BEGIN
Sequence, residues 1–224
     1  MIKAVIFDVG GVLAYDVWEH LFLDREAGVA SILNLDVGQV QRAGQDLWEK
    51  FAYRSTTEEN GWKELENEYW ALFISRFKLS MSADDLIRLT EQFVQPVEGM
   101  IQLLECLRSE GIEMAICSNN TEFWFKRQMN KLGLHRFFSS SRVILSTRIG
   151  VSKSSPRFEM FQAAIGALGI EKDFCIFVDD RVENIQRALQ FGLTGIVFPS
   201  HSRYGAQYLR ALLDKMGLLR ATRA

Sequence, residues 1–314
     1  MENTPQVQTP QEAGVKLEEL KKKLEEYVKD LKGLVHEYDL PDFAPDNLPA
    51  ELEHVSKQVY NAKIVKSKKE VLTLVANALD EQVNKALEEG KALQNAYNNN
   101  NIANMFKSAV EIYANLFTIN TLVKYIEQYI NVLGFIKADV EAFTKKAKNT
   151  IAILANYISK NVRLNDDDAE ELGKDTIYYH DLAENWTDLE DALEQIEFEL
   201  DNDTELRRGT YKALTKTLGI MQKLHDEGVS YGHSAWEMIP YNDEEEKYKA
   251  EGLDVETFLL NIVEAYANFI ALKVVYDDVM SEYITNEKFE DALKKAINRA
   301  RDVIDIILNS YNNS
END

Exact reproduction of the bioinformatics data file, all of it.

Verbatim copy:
Sequence, residues 1–224
     1  MIKAVIFDVG GVLAYDVWEH LFLDREAGVA SILNLDVGQV QRAGQDLWEK
    51  FAYRSTTEEN GWKELENEYW ALFISRFKLS MSADDLIRLT EQFVQPVEGM
   101  IQLLECLRSE GIEMAICSNN TEFWFKRQMN KLGLHRFFSS SRVILSTRIG
   151  VSKSSPRFEM FQAAIGALGI EKDFCIFVDD RVENIQRALQ FGLTGIVFPS
   201  HSRYGAQYLR ALLDKMGLLR ATRA

Sequence, residues 1–314
     1  MENTPQVQTP QEAGVKLEEL KKKLEEYVKD LKGLVHEYDL PDFAPDNLPA
    51  ELEHVSKQVY NAKIVKSKKE VLTLVANALD EQVNKALEEG KALQNAYNNN
   101  NIANMFKSAV EIYANLFTIN TLVKYIEQYI NVLGFIKADV EAFTKKAKNT
   151  IAILANYISK NVRLNDDDAE ELGKDTIYYH DLAENWTDLE DALEQIEFEL
   201  DNDTELRRGT YKALTKTLGI MQKLHDEGVS YGHSAWEMIP YNDEEEKYKA
   251  EGLDVETFLL NIVEAYANFI ALKVVYDDVM SEYITNEKFE DALKKAINRA
   301  RDVIDIILNS YNNS